By Kirstin Karoub
Purpose is often described as why we do what we do.
It is a fundamental human condition – to make meaning of our existence – to understand why we were placed on this earth and are given our own set of unique skills, talents, ambitions, and passions.
What inspires us to articulate and follow purpose in the first place? In some cases, an influential person in our life has recognized our strengths, sparked a passion, or modeled a career, mission or pursuit we wanted to emulate, adopt, or support.
Purpose can be inspired by a life experience, response to a social or environmental injustice, or exposure to new information, groups of people, or world views.
Often, we discover purpose through the honing of personal skills and talents, the pursuit of an activity we love, or a calling to address a need.
In every case, the pursuit of purpose means we connect with, contribute to, or focus on something beyond ourselves.
The Purpose Generation
One group highly inspired by purpose is the Millennials, also dubbed “the Purpose Generation.” Millennials are those born between 1981 and 1996, who have never known life without the internet, have ready access to cheap technology, and free information.
What kind of influence do Millennials have on the way companies do business, market products, and build a workforce? A lot. According to one source, by 2020, they will make up 50% of the workforce and will soon be the #1 market influencer. A recent article cites that 70% of Millennials will spend more money on brands supporting causes important to them. They officially comprise a majority of the voting age population and will soon make up the majority of entrepreneurs.
This influential majority values inspiration and purpose in their work. In a survey conducted by NetImpact, 59% of Millennials said their happiness was impacted by a job where “I could make an impact.” Half said they would take a pay cut to find a career path that held personal meaning for them. By the time they’re 35 years old one Career Builder study reveals, 25% of millennials will have held at least 5 jobs.
Millennials aren’t the only ones searching for meaning in the workplace. A study from Harvard Business Review stated that 9 in 10 Americans would be willing to trade a portion of income to have a more meaningful job.
How does one find a career that fulfills purpose?
While nonprofit companies by nature tend to be more mission-driven, employees are expecting more from the for-profit sector, as well. They want to know that their employer has a purpose position that aligns with their own values, allowing them to make an impact through the work they do. More companies are adopting Corporate Social Responsibility practices, realizing they are being held to a higher set of expectations from both consumers and employees. They are also engaging current employees through social impact initiatives, such as “green” projects and community outreach programs.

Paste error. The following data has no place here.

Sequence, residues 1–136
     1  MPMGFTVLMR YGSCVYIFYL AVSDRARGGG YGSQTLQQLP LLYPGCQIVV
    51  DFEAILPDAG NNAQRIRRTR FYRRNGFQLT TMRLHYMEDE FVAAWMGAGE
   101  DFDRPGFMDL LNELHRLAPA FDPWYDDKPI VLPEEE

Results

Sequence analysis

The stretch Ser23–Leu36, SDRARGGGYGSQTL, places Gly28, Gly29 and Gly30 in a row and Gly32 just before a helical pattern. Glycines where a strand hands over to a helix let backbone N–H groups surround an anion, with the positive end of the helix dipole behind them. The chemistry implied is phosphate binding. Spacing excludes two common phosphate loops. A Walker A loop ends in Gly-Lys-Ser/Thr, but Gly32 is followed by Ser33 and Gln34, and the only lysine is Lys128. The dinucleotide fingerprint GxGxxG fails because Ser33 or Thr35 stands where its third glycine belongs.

What if your purpose sends you in a more self-led direction outside of a company or business? There are still other ways to turn your passion into a viable career. If you’re just in the beginning phases, you’ll need to do some research. Talk to a career counselor to identify careers best supported by your strengths and passions. Read blogs, scan social media, join forums, connect with people who share your passions and skills, or are already building a career you would like to emulate. Find small business, nonprofit or entrepreneurial support organizations to help you launch your project once it’s time.
What about those who are employed somewhere that isn’t sparking passion, but is paying the bills? Or those who need the steady pay check while they take more time to fully develop their purpose path?
It is still possible to find purposeful inspiration on a current career path – it just takes a little more creativity.
An article in Forbes recommends finding inspiration in the job activities you like to do, the accomplishments you have made, and by getting involved in charitable causes or social impact initiatives your employer supports. Assess the contribution your own work makes to corporate higher purpose and find meaning in that. And for those job responsibilities you don’t love – think about how they might contribute value to the world. How might those mundane tasks enable a larger cause or impact the greater good?
Considering the amount of time we spend working, building a career inspired by our uniquely defined purpose offers the best of both worlds. Both pursuits can span a lifetime, meaning you have time to assess, research, and explore what lights you on fire, and then pursue it. Once you see that path unfold, you will discover how inspiring purpose can truly be.
Kirstin Karoub is Vice President, Operations & Strategy, for Your People LLC.